A Good Find … If you live in Canada and are curious .. check out the “Canadian Tax Tips Calculator” .. enter some financial information, and print out the report! CLICK HERE: Canadian Tax Tips Calculator – Everywhere Except Quebec CLICK HERE: Canadian Tax Tips Calculator – Quebec only ~~~~ From the TaxTips page The tax calculator (click above to access) uses the federal tax rate reductions announced October 30, 2007. The rate reductions received Royal Assent on December 14, 2007, so are now law. …. Features: * calculates taxes for both spouses * 2007 federal changes included: reduced tax [More]
.. According to Deloitte’s October 2007 TaxBreaks Newsletter It’s a good read … here’s just one of these 15 tax tips .. #10 … 10. Pay a bonus The small business tax deduction (SBD) is available to Canadian-controlled private corporations with active business income of less than $400,000 federally in 2007 (this amount varies regarding provincial and territorial taxes). If the active business income derived from your company exceeds the $400,000 threshold, a common suggestion has been that the corporation pay out a bonus to bring its income below the threshold. However, since 2006, changes to federal and many provincial [More]
There is an interesting article in the July issue of TaxMatters@EY (from Ernst & Young), including information about transferring the cottage to the next generation. From the July Issue: … A gift of property to a child is considered to be a fair market value disposition. And, although gains on the disposition of personal property are taxable, losses are denied. Fortunately, in the case of a cottage, some or all of the accrued gain can be sheltered from tax using the principal residence exemption – by designating the cottage as a principal residence for a selected number of years of [More]
As announced by “Canada’s New Government” in their Tax Fairness Plan of October 31, 2006 … that introduced income splitting for pensioners to increase the rewards from retirement saving effective as of the 2007 taxation year … NEW INFORMATION is now available on the CRA Web site. This will benefit a good handful of my own clients, and in addition to just linking out the CRA news release, I thought I would just post this information again in my blog for clarification! If you are receiving pension income in 2007 other than CPP and OAS greater or less than your [More]
Psssst! Deloitte & Touche, LLP .. has updated their “Quick Tax Facts 2007” publication. It’s worth printing it out these 2 pages and keeping a copy on your pegboard for quick perusal … I keep a printout of something like this on my pegboard for quick estimates while I am on the phone with clients. For instance, if an individual in Manitoba makes $100,000 per year, the combined taxes would be about $32,270. If two individuals each make $50,000 per year, the combined taxes would be about $12,204 each (or $24,408 total). Just knowing this “on the fly” is helpful [More]
In case you were one of those taxpayers that filed your 2006 Personal Income Tax Return in the last week of April 2007 … it’s possible that you haven’t received your official Notice of Assessment for 2006 from Canada Revenue Agency yet. Don’t worry! Canada Revenue Agency has been averaging 8-10 weeks normal assessment time of these tax returns, for those who filed in the last few days of April 2007. From what I can gather, from enquiry over the phone with representatives at the 1-800-959-8281 hotline .. the majority load of these affected returns are in the final stages [More]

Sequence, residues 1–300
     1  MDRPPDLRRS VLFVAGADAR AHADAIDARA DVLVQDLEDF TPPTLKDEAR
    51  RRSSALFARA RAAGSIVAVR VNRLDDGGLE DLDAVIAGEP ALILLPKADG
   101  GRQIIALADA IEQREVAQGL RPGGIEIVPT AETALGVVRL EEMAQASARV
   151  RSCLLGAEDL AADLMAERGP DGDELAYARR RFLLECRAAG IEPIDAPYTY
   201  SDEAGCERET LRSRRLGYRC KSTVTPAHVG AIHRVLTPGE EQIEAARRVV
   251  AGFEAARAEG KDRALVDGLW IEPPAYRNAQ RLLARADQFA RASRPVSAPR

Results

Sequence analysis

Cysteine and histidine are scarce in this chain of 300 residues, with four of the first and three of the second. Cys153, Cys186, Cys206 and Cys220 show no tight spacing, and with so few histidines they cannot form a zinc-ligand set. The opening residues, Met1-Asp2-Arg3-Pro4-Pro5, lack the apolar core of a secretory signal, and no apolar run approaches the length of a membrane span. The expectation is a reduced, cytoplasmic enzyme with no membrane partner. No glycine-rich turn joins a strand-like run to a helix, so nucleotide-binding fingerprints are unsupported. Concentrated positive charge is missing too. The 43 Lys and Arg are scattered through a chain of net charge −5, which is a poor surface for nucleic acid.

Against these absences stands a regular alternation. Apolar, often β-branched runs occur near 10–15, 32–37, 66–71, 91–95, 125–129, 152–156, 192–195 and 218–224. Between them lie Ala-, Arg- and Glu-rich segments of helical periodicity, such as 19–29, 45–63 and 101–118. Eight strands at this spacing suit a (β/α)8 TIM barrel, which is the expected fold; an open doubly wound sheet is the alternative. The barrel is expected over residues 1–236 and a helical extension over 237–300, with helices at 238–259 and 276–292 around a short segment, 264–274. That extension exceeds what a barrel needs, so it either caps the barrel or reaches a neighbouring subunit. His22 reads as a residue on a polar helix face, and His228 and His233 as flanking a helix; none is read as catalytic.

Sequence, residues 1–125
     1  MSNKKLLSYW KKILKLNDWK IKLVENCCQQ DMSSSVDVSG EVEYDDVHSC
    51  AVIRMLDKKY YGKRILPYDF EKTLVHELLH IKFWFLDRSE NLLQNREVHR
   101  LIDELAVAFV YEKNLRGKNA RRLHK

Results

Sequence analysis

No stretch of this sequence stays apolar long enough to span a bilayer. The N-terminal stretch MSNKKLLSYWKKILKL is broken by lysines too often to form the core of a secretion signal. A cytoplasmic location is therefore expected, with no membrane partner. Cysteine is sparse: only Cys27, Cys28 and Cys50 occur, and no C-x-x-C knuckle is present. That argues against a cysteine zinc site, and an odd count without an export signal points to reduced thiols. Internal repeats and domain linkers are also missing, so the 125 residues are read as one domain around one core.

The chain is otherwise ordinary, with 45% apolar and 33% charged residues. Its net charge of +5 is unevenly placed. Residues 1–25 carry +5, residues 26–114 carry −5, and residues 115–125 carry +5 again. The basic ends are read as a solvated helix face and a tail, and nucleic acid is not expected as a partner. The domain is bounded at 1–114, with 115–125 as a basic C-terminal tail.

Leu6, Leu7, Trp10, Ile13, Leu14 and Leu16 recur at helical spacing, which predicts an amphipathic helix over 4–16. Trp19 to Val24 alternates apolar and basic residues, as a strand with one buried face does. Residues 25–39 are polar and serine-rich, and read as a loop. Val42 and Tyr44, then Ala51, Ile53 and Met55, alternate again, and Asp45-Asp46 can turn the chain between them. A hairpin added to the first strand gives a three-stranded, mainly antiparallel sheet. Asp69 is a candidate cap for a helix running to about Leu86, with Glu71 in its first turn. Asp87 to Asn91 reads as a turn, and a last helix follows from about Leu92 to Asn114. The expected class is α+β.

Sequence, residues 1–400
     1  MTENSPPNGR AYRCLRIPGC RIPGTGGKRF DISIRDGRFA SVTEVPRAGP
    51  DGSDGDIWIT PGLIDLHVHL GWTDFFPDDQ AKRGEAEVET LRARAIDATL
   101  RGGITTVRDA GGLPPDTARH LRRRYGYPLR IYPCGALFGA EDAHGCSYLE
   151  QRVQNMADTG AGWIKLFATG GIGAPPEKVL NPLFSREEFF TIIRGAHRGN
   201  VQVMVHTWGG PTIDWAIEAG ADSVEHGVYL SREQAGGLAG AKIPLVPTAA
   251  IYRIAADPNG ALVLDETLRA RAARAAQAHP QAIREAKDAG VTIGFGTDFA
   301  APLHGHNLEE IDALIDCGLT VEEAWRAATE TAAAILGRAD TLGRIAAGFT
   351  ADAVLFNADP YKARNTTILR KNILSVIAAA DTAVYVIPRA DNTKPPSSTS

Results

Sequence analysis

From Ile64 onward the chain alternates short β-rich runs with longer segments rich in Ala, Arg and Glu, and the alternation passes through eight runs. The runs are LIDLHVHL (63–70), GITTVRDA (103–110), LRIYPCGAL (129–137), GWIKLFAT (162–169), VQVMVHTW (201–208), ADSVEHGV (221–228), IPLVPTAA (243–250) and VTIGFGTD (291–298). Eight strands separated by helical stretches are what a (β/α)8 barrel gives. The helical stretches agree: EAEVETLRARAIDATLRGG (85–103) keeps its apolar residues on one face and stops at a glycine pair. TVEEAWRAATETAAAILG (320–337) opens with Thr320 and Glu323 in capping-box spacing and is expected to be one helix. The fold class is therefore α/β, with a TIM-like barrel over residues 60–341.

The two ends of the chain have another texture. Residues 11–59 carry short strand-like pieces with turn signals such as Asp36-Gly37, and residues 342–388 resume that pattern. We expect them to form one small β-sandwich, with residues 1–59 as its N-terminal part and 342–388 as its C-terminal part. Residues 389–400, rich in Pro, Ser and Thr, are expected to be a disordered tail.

Have you been following the Exchange Rates Lately? Here are the average annual exchange rates for the following years by CRA 1995 – USD – 1.3726 1996 – USD – 1.3618 1997 – USD – 1.4267 1998 – USD – 1.5422 1999 – USD – 1.48584024 2000 – USD – 1.48520240 2001 – USD – 1.54841633 2002 – USD – 1.57035976 2003 – USD – 1.40146175 2004 – USD – 1.30152024 2005 – USD – 1.21163240 2006 – USD – 1.13409360 Translation: For $100.00 USD in 2006 … we would convert it to $113.41 Canadian dollars. For 2007 .. Here [More]
* IT SEEMS THAT I AM NOT ALONE! – Received 15,911,443 .. Expected 25,800,000 >> That’s less than 62% of Canadians have filed by April 26th .. 4 days before the deadline. .. Generally, that’s been my experience in Public Practice that almost 1/3 of the tax returns are done in the last days .. just like it is with me personally this year! ~~~~~~~~~ The following is now available on the CRA Web site: Ottawa, April 27, 2007… The Canada Revenue Agency (CRA) would like to remind Canadians that they have until midnight Monday, April 30, 2007, to file [More]
I needed information today, but I managed to call and get through at 7:55am this morning, when it was an automated phone message. It urged me to call back between the local hours of 8:15am and 5:00pm. 1-800-959-8281 I had it my phone on speed dial, and was counting the number of times I reached a busy signal. It did not even put me on rotation, nor did my “phone service” options allow that asterix button to be pushed to automatically call back their number when it became free once again. It is very annoying, and disruptive to my entire [More]
This post is more for myself, as I am posting a reminder for me where to find the following links next month! * http://www.hrsdc.gc.ca/en/hip/cslp/ImportantLinks/02_il_MasterListIndex.shtml * http://www.hrsdc.gc.ca/en/hip/cslp/ImportantLinks/17_il_International.pdf The above links show “The Master List of Designated Educational Institutions” across Canada and around the world. I have a client who pays for tuition for his daughter in Australia, and wonders if the child can transfer tuition paid to the parent, like normal … The answer is: YES … provided.. 1) The school is on the list and is a designated educational institution 2) The student files a Canadian Income Tax Return 3) [More]
The following is now available on the CRA Web site: Did You Know … That you can authorize your representative online if they have registered with our Represent a client service? Authorizing a representative online gives your representative instant, secure access to the information needed to help complete your income tax and benefit return and to complete certain transactions on your behalf. You can authorize a representative online 21 hours a day, 7 days a week. You can also change or revoke your representative’s authorization at any time. All you have to do is log in to the My Account [More]